Clean inspection showcases improved Campus Dining procedures


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Adam Niemi | Assistant Photo Editor Birmingham freshman Jackie Johnson laughs during a meal with Royal Oaks freshmen Shae O'Sullivan, center, and Michelle Forge on Tuesday in the Real Food On Campus dining hall.

All of Central Michigan University’s campus dining facilities, run by third-party food contractor Aramark, were violation free in 2013, according to records provided by Central Michigan District Health Department.

Nikki Smith, Aramark Dining Services’ marketing manager, said food service directors of residential restaurants are responsible for any health report findings.

“If anything is found, most of the time it’s something very minor and can be corrected right on the spot,” Smith said. “If it’s something more than that, then the food service director is responsible for developing an action plan and making sure it’s implemented.”

Smith said CMU Campus Dining has a strong culture of safety, despite problems nearly seven years ago.

“It’s one of the most strong messages within our whole department that everybody’s aware of,” she said. “It’s not a fad. It’s a priority.”

The 2013 report is a stark change from the 2007 facility inspections, when Central Michigan Life reported multiple food inspection violations in the Merrill Hall Residential Restaurant.

Scott Jones, supervisor of environmental health for the health department’s Isabella County branch, said the now-spotless record is a sign of quality management by Aramark.

“The better the facility and the ability to have storage and room to do your business, all of these things contribute to being successful,” he said. “The larger the operation is, the more they have at risk if there ever becomes an issue.”

Violations in 2007 included warm food and evidence of rodent feces.

Robinson and Woldt Residential Restaurants also had opened packages without discard dates in 2007. Air gaps on drain lines were not visible at different locations throughout both restaurants.

Jones said inspections occur randomly on a semi-annual basis in order to correct mistakes before someone falls ill from food-borne illness.

Feeding thousands of students a day, Jones said the campus dining facilities have a reputation to uphold, and are inspected with much scrutiny.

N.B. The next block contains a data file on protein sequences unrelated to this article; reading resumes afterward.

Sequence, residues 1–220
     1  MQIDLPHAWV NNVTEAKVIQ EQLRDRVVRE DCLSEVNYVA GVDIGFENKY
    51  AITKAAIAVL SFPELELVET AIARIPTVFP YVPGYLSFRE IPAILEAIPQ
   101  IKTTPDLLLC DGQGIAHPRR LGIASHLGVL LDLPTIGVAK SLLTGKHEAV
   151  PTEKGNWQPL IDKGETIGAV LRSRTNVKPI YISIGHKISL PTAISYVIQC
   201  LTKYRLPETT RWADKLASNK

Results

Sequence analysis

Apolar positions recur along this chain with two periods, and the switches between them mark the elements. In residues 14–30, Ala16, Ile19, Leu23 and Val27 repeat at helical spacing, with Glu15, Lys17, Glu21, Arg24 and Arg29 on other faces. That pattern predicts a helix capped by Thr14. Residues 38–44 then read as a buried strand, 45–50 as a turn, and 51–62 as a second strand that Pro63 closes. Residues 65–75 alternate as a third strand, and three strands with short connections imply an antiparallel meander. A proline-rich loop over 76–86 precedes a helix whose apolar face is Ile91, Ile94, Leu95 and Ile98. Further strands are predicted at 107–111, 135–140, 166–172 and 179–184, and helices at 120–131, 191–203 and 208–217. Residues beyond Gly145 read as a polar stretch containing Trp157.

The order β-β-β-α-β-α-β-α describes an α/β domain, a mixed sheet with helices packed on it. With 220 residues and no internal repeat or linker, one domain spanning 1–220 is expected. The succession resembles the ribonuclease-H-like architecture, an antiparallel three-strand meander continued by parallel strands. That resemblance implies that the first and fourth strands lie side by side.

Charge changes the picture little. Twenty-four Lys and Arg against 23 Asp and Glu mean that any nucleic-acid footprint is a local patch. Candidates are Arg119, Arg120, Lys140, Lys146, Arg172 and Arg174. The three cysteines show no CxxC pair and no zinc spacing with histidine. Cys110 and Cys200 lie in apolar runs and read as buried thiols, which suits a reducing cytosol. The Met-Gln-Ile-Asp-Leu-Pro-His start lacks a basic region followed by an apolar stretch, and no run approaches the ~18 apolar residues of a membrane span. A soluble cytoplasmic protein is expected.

All facilities inspected by the health department are evaluated by their respective menus, given either an X, Y or Z rating based on the content of the meals, Jones said.

“If you’re in the dining commons, your foods are cooked ahead of time and may be reheated to serve,” he said. “They would be inspected at a higher risk.”

Campus Dining has strict policies that follow the food from when it’s ordered to when it’s on a person’s plate, and every step in between.

Smith said Campus Dining adopts a ‘clean-as-you-go’ mentality.

“It’s not like once a week we pull something out and check off and clean,” she said. “It’s incorporated into our day-to-day safety culture.”

Student perspective on food safety

Tyler Booth has been washing dishes in The Towers’ Real Foods cafeteria since January 2013.

The South Lyon senior and part-time Aramark employee said he works with at least three full-time employees whose job is to clean the eating facilities.

“They’re doing that constantly,” he said. “They’re mopping and sanitizing. Even at every station, they have buckets of hot, soapy water and the other is sanitizer.”

Booth said the water in the buckets used to clean tables are changed every four hours.

Along with cleaning dishes during the week, Booth works in the produce area on the weekends.

“We have a list that shows every food’s guideline as to when it was opened,” he said. “It’ll say it stays fresh for two days, or seven days. Whatever it is, it has it on there. They stay to that standard. I’ve never seen anything that’s been past the expiration date.”

Even students who don’t have knowledge of a campus kitchen’s inner-workings said the dining facilities appear to be clean.

“I’ve been impressed with the facilities,” said Harrison Cassedy, a Dearborn junior. “You can see right now, everything’s kind of up to snuff. I trust it.”

His friend, Logan McCann, a Livonia sophomore, said CMU’s dining services breaks the common stereotype of bad cafeteria food.

“I think it’s a thing people have in their minds,” he said. “People hear the jokes about cafeteria food. I think the food is pretty good here.”

Campus dining survey to help deal with problems early 

A new campus dining survey titled “Your Voice Counts” was launched by Campus Dining last fall. The document allows surveyors to provide feedback on their dining experiences.

Between Jan. 17 and Feb. 19, 194 Your Voice Counts surveys were completed. Nearly 8 percent of people indicated dissatisfaction with their dining experience, while a stronger 62 percent indicated high satisfactory with their dining experience.

“The rest kind of fall somewhere in the middle,” Smith said. “Someone can take the survey to say ‘I would like to see more veggie pizzas’ and they kind of fall into that middle part, where they were neither extremely satisfied nor extremely dissatisfied and they just want to provide feedback.”

Students and faculty can also provide feedback via the CMU Campus Dining Twitter and Facebook pages.

“We are committed to the safety and quality of the service that we provide,” Smith said. “We’re here to provide exceptional food experiences for the students, faculty and staff at campus and I know every single one of us is committed to that.”


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